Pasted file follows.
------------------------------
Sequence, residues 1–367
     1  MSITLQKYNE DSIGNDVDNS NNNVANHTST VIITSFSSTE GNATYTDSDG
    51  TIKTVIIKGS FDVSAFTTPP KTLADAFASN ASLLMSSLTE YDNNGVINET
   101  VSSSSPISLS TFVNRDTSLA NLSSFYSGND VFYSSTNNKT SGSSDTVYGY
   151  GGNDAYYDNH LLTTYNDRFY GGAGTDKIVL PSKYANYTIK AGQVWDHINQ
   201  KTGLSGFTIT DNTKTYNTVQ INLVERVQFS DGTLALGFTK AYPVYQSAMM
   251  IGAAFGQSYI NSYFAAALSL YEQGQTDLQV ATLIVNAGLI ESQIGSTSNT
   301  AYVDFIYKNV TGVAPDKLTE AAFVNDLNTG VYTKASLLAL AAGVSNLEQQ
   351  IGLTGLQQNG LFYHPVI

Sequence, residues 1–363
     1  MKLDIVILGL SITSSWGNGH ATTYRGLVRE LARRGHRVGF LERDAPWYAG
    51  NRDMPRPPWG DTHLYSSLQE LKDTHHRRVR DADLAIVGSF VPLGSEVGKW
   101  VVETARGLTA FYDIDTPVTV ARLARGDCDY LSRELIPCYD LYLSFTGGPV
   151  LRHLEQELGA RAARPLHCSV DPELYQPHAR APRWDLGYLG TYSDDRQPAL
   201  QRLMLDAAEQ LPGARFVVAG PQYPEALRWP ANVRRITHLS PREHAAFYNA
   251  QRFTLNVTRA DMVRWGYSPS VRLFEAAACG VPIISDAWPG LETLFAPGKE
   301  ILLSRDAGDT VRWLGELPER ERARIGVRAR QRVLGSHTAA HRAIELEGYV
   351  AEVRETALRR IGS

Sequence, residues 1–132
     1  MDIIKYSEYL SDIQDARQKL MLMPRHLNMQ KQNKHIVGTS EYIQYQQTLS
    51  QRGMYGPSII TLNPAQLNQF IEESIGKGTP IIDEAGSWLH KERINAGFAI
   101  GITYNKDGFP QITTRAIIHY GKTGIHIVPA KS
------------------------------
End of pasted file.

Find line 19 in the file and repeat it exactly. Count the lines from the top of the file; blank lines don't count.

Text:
Sequence, residues 1–132